Let’s talk Black History: The sounds of souls in unison

Art of black American Jazz musicians playing together. For African American Music Appreciation Month (June).

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Art of black American Jazz musicians playing together. For African American Music Appreciation Month (June).

You might know artists like Beyonce, Tupac, Lizzo, Cardi B, Nicki Minaj, and more. But have you also heard of Lauryn Hill, Aretha Franklin, Ella Fitzgerald, or Louis Armstrong? 

When Africans were first taken to America, they brought instruments with them like the “Banja” or “Banshaw” also known as a banjo. They also had things like drums and percussion instruments. They would use them to communicate, but sadly some slave owners banned  them in many plantations by the 1700s. 

During slavery, early African-Americans would work the fields and sing songs of liberation, their faith, and freedom. Slaves may have derived the songs from their home language. The Africans would later adopt the religion (Christianity) of the slave owners and took it as their own

They would sing songs in the field in the hopes that God would hear their prayers called Spirituals. These beautiful melodies were also used as communication with others. Some used music lyrics to plan to escape and seek freedom.  Songs like ‘Wade in the Water’ or ‘Steal Away’ were songs that used directions and a plan to flee North. After the abolishment of slavery, Spirituals changed into another form of music called Gospel, and creators used this chance to express sadness and despair. Those songs were called the ‘Blues.’

Art of Black musicians play music like jazz or swing (http://www.ebonyglenn.com)

Jazz was born somewhere between 1895 and 1917 and was heavily influenced by blues and ragtime having similar tunes and rhythms. New Orleans was the place jazz originated and was played from time to time in clubs and/or parades. Jazz uses ‘call and response’ rythme where one instrument (ex. The voice) answer another. Unlike the Blues, it expressed many other emotions other than sadness. You can hear the songs of pride, pain, and power from Jazz and the tune they play.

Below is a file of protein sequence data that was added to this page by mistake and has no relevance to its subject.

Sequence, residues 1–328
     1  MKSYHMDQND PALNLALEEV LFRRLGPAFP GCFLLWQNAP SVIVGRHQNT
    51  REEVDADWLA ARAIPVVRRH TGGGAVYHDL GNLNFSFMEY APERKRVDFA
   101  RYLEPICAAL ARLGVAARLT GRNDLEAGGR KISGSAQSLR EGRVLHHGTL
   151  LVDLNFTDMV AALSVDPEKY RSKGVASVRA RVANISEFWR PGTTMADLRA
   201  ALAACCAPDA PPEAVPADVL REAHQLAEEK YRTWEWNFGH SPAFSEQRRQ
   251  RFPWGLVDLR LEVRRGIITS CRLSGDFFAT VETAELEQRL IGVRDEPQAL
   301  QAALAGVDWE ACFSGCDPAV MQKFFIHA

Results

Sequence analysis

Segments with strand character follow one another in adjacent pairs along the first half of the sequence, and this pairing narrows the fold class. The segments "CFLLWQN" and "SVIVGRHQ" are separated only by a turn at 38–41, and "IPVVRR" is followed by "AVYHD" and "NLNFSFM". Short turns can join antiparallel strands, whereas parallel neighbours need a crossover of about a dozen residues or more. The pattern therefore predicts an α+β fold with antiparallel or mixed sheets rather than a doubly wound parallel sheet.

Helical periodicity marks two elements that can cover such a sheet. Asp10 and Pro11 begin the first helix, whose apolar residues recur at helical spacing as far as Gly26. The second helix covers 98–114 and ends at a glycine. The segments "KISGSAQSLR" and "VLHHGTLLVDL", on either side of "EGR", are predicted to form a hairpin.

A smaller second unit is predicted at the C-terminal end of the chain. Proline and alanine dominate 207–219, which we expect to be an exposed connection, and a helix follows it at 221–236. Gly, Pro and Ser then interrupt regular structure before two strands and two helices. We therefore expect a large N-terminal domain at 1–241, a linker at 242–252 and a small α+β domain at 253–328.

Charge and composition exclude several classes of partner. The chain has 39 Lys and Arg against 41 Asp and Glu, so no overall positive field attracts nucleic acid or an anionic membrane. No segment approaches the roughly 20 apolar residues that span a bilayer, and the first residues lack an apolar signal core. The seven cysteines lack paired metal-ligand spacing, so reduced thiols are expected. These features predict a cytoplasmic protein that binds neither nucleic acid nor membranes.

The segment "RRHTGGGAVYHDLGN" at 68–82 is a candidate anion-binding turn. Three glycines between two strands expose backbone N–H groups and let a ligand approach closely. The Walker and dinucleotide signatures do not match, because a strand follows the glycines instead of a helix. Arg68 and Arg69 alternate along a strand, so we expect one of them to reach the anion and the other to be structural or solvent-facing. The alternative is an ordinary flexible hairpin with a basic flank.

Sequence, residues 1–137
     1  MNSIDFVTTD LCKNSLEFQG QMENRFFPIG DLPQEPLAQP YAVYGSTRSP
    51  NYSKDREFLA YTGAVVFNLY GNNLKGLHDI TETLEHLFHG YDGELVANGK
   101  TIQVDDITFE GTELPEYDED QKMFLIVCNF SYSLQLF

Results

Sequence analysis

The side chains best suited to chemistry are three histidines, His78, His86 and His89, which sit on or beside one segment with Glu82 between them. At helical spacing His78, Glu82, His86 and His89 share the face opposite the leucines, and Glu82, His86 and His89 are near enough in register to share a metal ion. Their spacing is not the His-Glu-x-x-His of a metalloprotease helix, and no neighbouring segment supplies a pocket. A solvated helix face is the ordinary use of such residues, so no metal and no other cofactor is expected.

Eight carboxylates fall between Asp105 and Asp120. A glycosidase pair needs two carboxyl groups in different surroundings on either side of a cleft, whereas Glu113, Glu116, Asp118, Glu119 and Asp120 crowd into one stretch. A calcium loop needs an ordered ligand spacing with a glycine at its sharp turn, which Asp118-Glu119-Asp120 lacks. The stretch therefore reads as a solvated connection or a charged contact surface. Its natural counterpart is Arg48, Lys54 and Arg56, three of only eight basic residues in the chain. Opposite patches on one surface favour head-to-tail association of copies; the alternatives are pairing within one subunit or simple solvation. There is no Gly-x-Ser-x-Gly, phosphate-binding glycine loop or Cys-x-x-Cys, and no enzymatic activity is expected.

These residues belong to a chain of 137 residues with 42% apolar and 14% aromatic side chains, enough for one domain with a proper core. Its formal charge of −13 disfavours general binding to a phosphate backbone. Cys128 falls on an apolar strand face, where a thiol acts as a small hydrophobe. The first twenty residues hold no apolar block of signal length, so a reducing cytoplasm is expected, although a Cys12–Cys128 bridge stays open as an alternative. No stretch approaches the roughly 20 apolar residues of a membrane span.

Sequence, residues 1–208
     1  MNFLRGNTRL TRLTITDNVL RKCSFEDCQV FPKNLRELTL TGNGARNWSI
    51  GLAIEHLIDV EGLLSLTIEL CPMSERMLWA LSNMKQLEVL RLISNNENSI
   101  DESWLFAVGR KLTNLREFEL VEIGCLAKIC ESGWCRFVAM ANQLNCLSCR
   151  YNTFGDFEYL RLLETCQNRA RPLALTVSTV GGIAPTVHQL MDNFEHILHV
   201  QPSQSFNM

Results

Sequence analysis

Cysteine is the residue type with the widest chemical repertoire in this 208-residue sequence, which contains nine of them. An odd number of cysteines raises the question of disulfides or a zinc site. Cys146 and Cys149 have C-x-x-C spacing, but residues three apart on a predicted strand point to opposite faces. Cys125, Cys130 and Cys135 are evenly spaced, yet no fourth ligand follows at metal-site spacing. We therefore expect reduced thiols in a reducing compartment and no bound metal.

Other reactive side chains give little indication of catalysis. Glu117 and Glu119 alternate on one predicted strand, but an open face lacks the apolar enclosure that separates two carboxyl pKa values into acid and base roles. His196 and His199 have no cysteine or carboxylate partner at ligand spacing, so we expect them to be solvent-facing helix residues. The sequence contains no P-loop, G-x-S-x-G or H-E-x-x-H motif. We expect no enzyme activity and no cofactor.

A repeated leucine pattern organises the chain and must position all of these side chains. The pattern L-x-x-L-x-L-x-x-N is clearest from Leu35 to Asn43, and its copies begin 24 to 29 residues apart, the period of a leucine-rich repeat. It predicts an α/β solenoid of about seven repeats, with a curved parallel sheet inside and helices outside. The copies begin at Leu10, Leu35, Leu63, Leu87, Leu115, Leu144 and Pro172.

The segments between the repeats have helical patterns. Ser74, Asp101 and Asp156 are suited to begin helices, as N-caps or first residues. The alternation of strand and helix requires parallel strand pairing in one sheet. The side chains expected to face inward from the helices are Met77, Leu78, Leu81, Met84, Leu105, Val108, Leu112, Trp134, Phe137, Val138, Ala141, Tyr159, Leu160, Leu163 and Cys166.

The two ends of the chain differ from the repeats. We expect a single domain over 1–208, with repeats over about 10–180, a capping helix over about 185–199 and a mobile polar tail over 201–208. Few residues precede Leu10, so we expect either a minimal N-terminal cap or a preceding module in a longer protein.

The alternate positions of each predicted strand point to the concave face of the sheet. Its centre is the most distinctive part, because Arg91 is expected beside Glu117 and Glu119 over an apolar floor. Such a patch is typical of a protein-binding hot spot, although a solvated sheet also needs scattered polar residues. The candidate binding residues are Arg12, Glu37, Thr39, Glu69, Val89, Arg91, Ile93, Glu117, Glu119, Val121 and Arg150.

After Jazz, came Rock and Roll. Elvis Presley is usually the first thing that pops into mind, but there were many rock and roll artists that were way more talented than him, but weren’t given the proper recognition due to the color of their skin. It all begins with Chuck Berry, the creator and father of rock and roll. He is a great example of a man deserving of the hall of fame. Popular styles like country and the blues change their sound into something incredible with the sound of newly made electric guitars and a steady drumbeat. Rock music took a turn with social change going around in the conservative age.

Slowly Rock was dying out and Disco was born. Around the late 60s/early 70s it involved African-American and Latin musicians and secret parties thrown in an underground gay community of New York. And after the release of Saturday Night Fever (1776) popularity grew for Disco and made artists like The Jacksons; Earth, Wind & Fire; and others turn to the genre.

With all the effects of African-American community, we were able to get all the genres and songs we love and listen to now. But it is good to think back to all those moments that inspired us to carry this line of music and create new music.

Happy Black History Month from the Bash Cub!

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